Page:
College of Agriculture and Natural Resources | Agricultural & Resource Economics | Animal Science | Equine Program


VI. Statistical Analysis

VI.1 Determinats of the Market Value of a Horse

The goals of our statistical analysis are two-fold. First, we seek to gain an understanding of the determinants of the market value of a horse as well as its value to the owner (which is often greater). Second, we would like to arrive at a preliminary figure for the value of the horse industry to Connecticut.

Based on our survey, the average fair market value (FMV) of a horse in Connecticut is $7,483 (standard deviation $10,148). There is, of course, significant variation by breed. As Figure 6-1 shows, the average FMV of a horse ranges from $10,084 (for Thoroughbreds) to $1,167 (for Standardbreds) - see Figure 6-1.

Owners were also asked whether they would be willing to sell their horse at fair market value (FMV). About 20% responded that they would do so, 7% said they would only sell at a price higher than FMV (in which case they were also asked to state the minimum price they would be willing to accept) and the remaining 73% indicated that they would never sell their horse. Given these statistics, it is evident that for the vast majority of cases FMV is not a good measure of the true value of a horse to its owner. Indeed, the fact that over seventy percent of owners would not be willing to part with their horses at any price indicates the strong attachment owners have to them as pets. This is also substantiated by the high cost of maintenance incurred compared with any monetary benefits from owning a horse. The implication, of course, is that any estimate of the state-wide value of horses that is based just on market prices is likely to seriously underestimate the true social value of horses.

In order to further explore the nature of fair market value and the willingness of horse-owners to sell (or not sell) their horses at this value, we carried out statistical exercises and regression analysis. Some of the results are noted below.

  1. The market value of a horse increases with age initially, but then falls after it has peaked.

  2. The manner in which the horse is used is an important determinant of its value. For example, if a horse is used for showing and competition or for breeding then the fair market value is higher. On the other hand, horses used for personal and family recreation or work have lower market values.

  3. As the age of a horse increases, the owner is less willing to sell it.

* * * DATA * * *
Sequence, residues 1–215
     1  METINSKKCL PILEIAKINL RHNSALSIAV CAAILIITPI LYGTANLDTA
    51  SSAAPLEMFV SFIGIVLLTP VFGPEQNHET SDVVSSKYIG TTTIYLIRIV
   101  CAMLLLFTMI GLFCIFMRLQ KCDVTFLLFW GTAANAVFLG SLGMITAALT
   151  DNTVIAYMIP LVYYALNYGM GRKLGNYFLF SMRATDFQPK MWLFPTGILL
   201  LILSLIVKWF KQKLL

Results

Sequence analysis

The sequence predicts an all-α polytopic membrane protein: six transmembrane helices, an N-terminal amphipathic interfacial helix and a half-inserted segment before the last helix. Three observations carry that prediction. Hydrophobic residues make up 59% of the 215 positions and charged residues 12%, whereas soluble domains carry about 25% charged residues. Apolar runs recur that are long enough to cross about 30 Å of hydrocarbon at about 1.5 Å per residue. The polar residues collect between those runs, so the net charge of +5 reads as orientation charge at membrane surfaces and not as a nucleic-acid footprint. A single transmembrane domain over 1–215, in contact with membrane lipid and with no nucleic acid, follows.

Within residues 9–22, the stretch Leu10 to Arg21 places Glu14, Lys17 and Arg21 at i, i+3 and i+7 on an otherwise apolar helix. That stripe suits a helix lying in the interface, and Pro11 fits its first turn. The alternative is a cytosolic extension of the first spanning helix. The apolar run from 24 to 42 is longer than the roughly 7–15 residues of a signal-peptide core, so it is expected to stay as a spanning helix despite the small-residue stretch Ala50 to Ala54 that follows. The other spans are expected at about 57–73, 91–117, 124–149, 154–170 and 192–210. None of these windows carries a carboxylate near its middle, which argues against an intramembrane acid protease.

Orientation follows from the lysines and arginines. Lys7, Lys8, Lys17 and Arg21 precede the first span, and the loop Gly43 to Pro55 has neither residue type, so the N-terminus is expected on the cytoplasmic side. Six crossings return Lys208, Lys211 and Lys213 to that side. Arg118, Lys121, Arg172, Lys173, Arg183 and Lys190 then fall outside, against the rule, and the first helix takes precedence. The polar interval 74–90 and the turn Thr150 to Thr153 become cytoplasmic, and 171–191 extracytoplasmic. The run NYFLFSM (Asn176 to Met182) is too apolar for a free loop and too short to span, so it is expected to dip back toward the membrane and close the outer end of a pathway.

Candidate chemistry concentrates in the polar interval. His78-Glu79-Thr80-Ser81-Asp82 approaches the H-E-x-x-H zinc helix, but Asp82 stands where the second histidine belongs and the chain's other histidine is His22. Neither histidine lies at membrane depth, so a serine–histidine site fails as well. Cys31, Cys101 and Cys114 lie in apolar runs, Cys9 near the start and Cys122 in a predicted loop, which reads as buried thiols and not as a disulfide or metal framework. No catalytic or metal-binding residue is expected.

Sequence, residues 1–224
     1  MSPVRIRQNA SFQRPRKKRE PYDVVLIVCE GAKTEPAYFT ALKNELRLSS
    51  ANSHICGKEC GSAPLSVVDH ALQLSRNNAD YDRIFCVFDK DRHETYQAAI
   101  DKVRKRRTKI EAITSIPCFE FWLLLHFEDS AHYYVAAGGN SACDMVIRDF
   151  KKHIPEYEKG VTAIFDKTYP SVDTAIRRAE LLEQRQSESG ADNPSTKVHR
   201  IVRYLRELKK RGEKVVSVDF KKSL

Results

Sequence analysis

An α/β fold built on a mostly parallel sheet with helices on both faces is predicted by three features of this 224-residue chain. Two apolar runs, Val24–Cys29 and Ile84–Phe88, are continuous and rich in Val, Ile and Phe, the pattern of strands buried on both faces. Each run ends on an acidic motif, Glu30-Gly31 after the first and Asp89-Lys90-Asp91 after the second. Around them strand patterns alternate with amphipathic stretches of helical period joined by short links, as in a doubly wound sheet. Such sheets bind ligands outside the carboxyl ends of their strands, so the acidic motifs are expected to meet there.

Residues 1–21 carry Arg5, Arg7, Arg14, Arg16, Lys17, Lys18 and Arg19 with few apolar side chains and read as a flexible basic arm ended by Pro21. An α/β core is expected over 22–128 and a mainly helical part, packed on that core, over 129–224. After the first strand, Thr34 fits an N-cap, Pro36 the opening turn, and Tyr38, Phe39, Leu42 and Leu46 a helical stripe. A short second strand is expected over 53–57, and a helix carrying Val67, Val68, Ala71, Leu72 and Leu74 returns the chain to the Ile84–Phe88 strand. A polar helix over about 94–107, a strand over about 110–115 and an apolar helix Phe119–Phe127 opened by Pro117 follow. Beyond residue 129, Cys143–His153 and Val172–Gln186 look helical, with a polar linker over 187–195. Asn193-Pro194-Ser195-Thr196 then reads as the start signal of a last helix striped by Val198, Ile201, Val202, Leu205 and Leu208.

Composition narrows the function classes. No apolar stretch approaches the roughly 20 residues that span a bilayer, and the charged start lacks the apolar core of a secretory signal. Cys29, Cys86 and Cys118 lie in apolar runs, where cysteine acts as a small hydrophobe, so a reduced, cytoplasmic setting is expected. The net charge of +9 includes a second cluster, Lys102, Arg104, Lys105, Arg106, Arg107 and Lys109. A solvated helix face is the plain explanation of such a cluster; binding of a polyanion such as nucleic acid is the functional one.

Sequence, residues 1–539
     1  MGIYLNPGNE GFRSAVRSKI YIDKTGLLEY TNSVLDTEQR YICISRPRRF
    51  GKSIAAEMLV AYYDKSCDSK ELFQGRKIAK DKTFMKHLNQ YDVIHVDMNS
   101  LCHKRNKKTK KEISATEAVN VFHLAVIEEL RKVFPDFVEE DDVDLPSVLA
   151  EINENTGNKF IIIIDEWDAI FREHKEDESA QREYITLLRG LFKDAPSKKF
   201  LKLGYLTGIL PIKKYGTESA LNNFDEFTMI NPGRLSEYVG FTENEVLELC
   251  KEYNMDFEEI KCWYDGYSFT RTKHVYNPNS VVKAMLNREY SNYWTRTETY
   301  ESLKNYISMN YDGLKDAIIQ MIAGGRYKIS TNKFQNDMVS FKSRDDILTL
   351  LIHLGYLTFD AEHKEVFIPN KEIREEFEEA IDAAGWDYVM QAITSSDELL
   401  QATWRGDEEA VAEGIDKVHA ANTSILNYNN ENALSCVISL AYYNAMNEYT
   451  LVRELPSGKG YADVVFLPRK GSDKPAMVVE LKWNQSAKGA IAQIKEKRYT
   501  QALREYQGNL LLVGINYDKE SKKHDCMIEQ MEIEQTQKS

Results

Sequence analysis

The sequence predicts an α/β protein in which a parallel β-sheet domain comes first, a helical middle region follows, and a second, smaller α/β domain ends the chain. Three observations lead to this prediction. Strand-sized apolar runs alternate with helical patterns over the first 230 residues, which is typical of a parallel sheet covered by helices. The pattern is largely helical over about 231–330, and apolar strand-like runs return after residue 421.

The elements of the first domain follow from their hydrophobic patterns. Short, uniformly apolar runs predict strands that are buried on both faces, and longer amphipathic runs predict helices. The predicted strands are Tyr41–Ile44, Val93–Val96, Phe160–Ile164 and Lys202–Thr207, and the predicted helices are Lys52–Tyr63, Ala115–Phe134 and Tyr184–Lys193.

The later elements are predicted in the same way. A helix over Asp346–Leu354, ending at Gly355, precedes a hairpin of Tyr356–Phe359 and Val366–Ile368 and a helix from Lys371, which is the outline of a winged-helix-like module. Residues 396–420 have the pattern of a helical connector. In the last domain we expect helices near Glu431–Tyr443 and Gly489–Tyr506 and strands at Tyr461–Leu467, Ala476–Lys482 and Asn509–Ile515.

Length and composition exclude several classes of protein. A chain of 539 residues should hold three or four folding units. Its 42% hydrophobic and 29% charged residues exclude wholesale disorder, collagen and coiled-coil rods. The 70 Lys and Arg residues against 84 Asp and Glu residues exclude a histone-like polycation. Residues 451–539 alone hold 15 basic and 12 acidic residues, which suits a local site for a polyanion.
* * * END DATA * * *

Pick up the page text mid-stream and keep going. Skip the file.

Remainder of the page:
4. An owner is more willing to sell a horse if she owns more than one horse.

VI.2 Aggregative Analysis and Valuation of the Horse Industry

The results of our veterinarian, horse owner, and horse-related business surveys can be used in combination to perform an aggregative analysis and to draw some interesting inferences regarding the Connecticut horse industry. The key assumption we make is that our business survey mailing list is reasonably comprehensive. This is quite plausible since we used all available sources of business listings and unlike private horse owners, businesses have every interest in being advertised. Going by this information, there are about 550 horse-related businesses in Connecticut. According to our survey, the average number of horses owned per business is 9.08. Multiplying these two numbers yields 4,994 as the statewide estimate of horses owned by businesses. Subtracting this number from the veterinarian survey based total horse count figure (43,059) yields the total number of horses owned privately as 38,065.

The average number of horses per owner can be obtained easily from the owner survey as 2.3125. Dividing the total number of horses owned privately by this number yields a total horse-owner estimate of 16,461.

Given that there are 550 horse-related businesses, we can use the average statistic for full-time equivalent (FTE) employees from the business survey (i.e., 2.068) to infer the total number of FTE business employees in Connecticut as about 1,137. Similarly, multiplying the average annual income of horse-related businesses ($70,840) with the number of businesses yields total annual business income in the state as $38,962,000.

Finally, we can also infer the total values of horses. Multiplying the average fair market value of a horse from owner data ($7,483) with the total number of horses owned privately results in $284,840,395. The total value of horses owned by businesses is $32,192,600. Adding the two yields $317,032,995 as the total value of horses in the state.